Mallinckrodt is a global business that develops, manufactures, markets and distributes specialty pharmaceutical products and therapies. Areas of focus include autoimmune and rare diseases in specialty areas like neurology, rheumatology, nephrology, pulmonology and ophthalmology; immunotherapy and neonatal respiratory critical care therapies; and analgesics and hemostasis products. The company's core strengths include the acquisition and management of highly regulated raw materials and specialized chemistry, formulation and manufacturing capabilities. The company's Specialty Brands segment includes branded medicines and its Specialty Generics segment includes specialty generic drugs, active pharmaceutical ingredients and external manufacturing. To learn more about Mallinckrodt, visit www.mallinckrodt.com.
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1 Acthar Prescribing Information. 8.4 Pediatric Use. Available at: http://www.acthar.com/pdf/Acthar-PI.pdf. Accessed April 10, 2017.
2 Why Acthar for MS Relapse. ActharMSRelapse Website. Available at: https://msfocus.org/Get-Educated/Common-Questions#What is Multiple Sclerosis. Accessed April 6, 2017.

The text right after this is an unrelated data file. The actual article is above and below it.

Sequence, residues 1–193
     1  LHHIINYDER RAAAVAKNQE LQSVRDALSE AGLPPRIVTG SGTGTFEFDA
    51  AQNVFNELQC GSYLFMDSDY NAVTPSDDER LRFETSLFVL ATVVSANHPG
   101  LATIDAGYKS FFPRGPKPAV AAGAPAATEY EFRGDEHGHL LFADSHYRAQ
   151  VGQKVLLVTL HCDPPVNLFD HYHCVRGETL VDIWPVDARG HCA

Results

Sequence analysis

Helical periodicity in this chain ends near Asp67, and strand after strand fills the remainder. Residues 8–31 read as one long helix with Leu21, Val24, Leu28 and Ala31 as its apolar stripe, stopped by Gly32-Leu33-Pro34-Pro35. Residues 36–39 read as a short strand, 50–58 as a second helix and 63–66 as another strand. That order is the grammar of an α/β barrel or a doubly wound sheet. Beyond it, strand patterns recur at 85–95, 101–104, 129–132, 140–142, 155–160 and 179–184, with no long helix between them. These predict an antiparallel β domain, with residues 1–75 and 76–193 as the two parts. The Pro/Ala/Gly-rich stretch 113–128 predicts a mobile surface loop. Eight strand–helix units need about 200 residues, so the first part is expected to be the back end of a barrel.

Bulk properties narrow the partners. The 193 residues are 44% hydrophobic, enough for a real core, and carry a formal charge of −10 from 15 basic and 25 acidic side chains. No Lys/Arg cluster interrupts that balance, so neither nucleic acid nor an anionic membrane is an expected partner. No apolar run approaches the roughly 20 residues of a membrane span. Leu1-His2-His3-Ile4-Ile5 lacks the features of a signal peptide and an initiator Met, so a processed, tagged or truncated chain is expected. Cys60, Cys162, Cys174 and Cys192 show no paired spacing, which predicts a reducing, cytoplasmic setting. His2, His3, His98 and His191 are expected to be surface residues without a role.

3 O'Brien JA et al. Cost of managing an episode of relapse in multiple sclerosis in the United States. BMC Health Services Research. 2003;3(1):17 Available at: https://bmchealthservres.biomedcentral.com/articles/10.1186/1472-6963-3-17. Accessed April 21, 2017.
4 Parisé H et al. Direct and indirect cost burden associated with multiple sclerosis relapses: excess costs of persons with MS and their spouse caregivers. Journal of the Neurological Sciences. 2013;330(1-2):71-7 Available at: https://www.ncbi.nlm.nih.gov/pubmed/23647840. Accessed April 21, 2017.
5 Understanding Infantile Spasms. ActharIS Website. Available at: https://www.actharis.com/what-are-infantile-spasms. Accessed April 6, 2017.
6 Parent and Caregiver Brochure - Acthar for Infantile Spasms: Commonly asked questions about treatment, Mallinckrodt Website, p. 2. Available at: https://www.actharis.com/docs/acthar-infantile-spasms-brochure.pdf. Accessed March 24, 2017.
7 Multiple Sclerosis Foundation. Symptoms of Multiple Sclerosis. Available at: http://msfocus.org/Symptoms-of-Multiple-Sclerosis.aspx. Accessed April 19, 2017.
8 National Multiple Sclerosis Society. Relapsing-remitting MS (RRMS). Available at: http://www.nationalmssociety.org/What-is-MS/Types-of-MS/Relapsing-remitting-MS. Accessed April 21, 2017